NPR is suspending the use of Twitter and will not actively maintain its 52 Twitter feeds.
“We are officially deemphasizing Twitter across the organization. We have made this decision after Twitter refused repeated requests to remove an inaccurate label designating NPR as ‘state-affiliated media,” the organization wrote in an announcement Wednesday morning.
“The label has since been changed to ‘Government-Funded Media,’ which does not accurately capture our public media governance structure and still sends Twitter users to an explanation that implies ‘government involvement over editorial content.’ We believe this label is intended to call in question our editorial independence and undermine our credibility. If we continued tweeting, every post would carry that misleading label.”
On Twitter itself, the organization tweeted: “We are turning away from Twitter, but not from our audiences and communities. There are plenty of ways to stay connected and keep up with NPR’s news, music and cultural content.”
We are turning away from Twitter but not from our audiences and communities. There are plenty of ways to stay connected and keep up with NPR’s news, music, and cultural content.
Read more about NPR’s decision here:https://t.co/aJUS4EoaOi https://t.co/vgZkyU45zI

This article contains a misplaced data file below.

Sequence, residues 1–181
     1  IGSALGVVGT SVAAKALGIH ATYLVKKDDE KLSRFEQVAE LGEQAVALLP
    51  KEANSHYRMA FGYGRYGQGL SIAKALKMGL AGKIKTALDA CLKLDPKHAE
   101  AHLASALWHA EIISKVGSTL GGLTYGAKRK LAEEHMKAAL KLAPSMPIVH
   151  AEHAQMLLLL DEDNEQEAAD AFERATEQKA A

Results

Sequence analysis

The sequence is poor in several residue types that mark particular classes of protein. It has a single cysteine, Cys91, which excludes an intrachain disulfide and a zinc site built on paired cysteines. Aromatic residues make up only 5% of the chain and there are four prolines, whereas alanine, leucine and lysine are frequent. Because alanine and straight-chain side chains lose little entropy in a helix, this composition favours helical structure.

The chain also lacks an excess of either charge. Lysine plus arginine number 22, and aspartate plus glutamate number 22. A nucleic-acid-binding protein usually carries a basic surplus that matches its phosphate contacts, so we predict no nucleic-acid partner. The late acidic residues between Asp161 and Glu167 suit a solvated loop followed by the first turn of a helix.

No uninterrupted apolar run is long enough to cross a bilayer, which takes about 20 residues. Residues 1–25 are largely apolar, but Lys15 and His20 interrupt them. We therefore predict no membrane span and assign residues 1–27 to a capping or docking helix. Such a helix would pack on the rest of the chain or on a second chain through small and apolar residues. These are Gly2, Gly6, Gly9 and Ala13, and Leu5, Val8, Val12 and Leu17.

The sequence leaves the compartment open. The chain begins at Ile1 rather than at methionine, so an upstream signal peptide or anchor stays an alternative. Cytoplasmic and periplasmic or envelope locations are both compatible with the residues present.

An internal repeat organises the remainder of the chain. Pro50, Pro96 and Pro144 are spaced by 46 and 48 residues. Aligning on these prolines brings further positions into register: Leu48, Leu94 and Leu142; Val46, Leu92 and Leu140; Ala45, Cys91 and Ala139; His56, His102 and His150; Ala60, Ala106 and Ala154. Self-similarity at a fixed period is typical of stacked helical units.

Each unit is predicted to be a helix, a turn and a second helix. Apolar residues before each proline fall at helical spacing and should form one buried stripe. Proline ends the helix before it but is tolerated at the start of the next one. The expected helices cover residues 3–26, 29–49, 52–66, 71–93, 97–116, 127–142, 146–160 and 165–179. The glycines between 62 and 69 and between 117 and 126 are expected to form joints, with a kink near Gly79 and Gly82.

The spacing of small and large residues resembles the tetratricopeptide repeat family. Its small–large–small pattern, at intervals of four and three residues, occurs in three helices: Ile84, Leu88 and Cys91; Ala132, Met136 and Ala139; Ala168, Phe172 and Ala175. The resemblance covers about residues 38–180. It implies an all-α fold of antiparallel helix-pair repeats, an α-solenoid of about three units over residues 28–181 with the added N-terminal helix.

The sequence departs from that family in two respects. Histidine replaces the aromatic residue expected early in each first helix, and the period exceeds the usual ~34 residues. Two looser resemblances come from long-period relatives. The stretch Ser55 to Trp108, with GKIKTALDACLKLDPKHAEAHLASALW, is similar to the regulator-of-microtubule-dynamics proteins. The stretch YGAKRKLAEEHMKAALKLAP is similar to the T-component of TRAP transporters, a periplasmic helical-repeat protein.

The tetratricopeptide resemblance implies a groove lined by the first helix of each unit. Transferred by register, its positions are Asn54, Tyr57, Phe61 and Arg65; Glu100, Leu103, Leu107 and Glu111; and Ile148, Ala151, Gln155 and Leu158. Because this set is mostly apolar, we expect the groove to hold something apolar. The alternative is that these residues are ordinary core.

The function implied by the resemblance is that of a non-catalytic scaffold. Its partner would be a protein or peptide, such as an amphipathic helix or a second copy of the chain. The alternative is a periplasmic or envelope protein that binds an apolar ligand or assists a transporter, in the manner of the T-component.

— nprextra (@NPRextra) April 12, 2023
The Associated Press reported that Musk’s response was to tweet “Defund @NPR.”
Later on Wednesday, Musk tweeted that NPR was being hypocritical, citing a statement on the NPR website that federal funding was essential to public radio.
NPR literally said “Federal funding is essential to public radio” on their own website (now taken down).
What hypocrites! pic.twitter.com/kYAXW0zpyl
— Elon Musk (@elonmusk) April 12, 2023
NPR notes that it is a private, nonprofit company with editorial independence that receives less than 1 percent of its $300 million annual budget from the federally funded Corporation for Public Broadcasting.
Individual public radio stations receive on average 8% of their revenue from federal appropriations via CPB and another 5% from federal, state and local governments, according to NPR’s information page about public radio finances (which includes the statement Musk cited that federal funding is essential to public radio and NPR, in the section headed Member Station Revenues).
According to a separate NPR story covering the decision to stop tweeting, CEO John Lansing wrote to staff: “It would be a disservice to the serious work you all do here to continue to share it on a platform that is associating the federal charter for public media with an abandoning of editorial independence or standards.”
According to the AP, PBS also stopped tweeting from its main account.